SOUTHAMPTON, N.Y. -- The legend and legend-in-making went out similarly yesterday in the second round of the 95th U.S. Open at Shinnecock Hills.
Both were hurting.
Jack Nicklaus, a four-time champion playing in his 39th Open, left after missing the cut by equaling the highest score (81) that he has shot in 144 Open rounds.
Tiger Woods, making his debut at the Open, withdrew because of a sprained left wrist. The injury occurred when Woods tried to hit out of deep brush on the third hole. He reinjured the wrist on the fifth hole and withdrew on the sixth.
It is only the seventh time Nicklaus has failed to make the cut in an Open, the first since 1992. His only previous 81 came in the opening round of the 1970 Open at Hazeltine. Woods made the cut in his only previous major, this year's Masters.
"I wasn't very good, it's that simple," said Nicklaus, 55, whose two-round total of 12-over 152 was the highest he has shot at an Open since 1970, when he made the cut. "I would hate for what I did today to be my last round at the Open."
Nicklaus got a strong reception when he walked up the 18th fairway. It was certainly not as emotional as the one Arnold Palmer received last year at Oakmont. But Nicklaus' playing partners, Andy North and Ian Baker-Finch, allowed him to walk up to the green by himself.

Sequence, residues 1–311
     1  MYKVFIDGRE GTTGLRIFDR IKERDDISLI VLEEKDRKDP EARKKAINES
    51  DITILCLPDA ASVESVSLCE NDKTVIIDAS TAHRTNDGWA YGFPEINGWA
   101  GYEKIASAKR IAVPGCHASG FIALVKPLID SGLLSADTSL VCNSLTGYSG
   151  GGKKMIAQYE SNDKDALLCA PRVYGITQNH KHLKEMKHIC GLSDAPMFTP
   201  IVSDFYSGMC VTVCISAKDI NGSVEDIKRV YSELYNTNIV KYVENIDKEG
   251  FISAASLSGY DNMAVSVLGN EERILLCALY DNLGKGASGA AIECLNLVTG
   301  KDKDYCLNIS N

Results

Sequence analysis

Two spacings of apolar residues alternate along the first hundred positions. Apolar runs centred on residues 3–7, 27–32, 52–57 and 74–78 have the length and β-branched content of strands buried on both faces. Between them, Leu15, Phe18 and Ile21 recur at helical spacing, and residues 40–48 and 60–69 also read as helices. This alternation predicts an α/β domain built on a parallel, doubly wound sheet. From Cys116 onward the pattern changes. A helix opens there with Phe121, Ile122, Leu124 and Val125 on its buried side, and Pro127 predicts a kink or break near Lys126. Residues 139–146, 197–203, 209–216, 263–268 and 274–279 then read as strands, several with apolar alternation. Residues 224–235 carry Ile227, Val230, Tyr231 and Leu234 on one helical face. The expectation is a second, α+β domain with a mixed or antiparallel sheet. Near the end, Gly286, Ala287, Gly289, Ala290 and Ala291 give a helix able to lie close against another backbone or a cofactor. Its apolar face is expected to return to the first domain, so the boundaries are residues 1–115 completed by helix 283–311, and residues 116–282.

"I may never do that again," he said, again raising the possibility that this was his last Open.
But it might not be. Nicklaus, who was playing here with his third special exemption, is all but guaranteed a spot in next year's Open at Oakland Hills, outside Detroit. Palmer received five special exemptions.
When someone wanted to know if his 40th Open would likely be his last, Nicklaus said, "That's a good, round number."
Nicklaus has been asked for several years when he will consider giving up participation in regular PGA Tour events. Yesterday, he said, "Maybe it's time to consider playing the odd event.
"Sometimes I think my judgment is better than anybody else's. Sometimes I don't think my judgment is as good as anybody else's. You get frustrated when you feel like you're doing what you want to do and then the results aren't right. I hit far more bad shots than good shots."
This certainly won't be the last Open for Woods. But the 19-year-old from Cypress, Calif., likely will have to win a second straight U.S. Amateur this summer to be invited next year.
Woods reacted to the injury like a teen-age phenom who knows he will play in plenty of Opens.
"I'm kind of bummed out about the fact that I'm not playing," said Woods, who was 4-over through five holes and 8-over for the Open. "I thought I could make the cut."
Woods wasn't the only player to withdraw because of injury. Loren Roberts, who lost to Ernie Els in a 20-hole playoff last year at Oakmont, pulled out with a back injury before starting the round.
Perhaps the toughest ending came for Jerry Courville Jr., a 36-year-old amateur from Norwalk, Conn. Playing in his first Open, Courville triple-bogeyed 18 and missed the cut by three shots.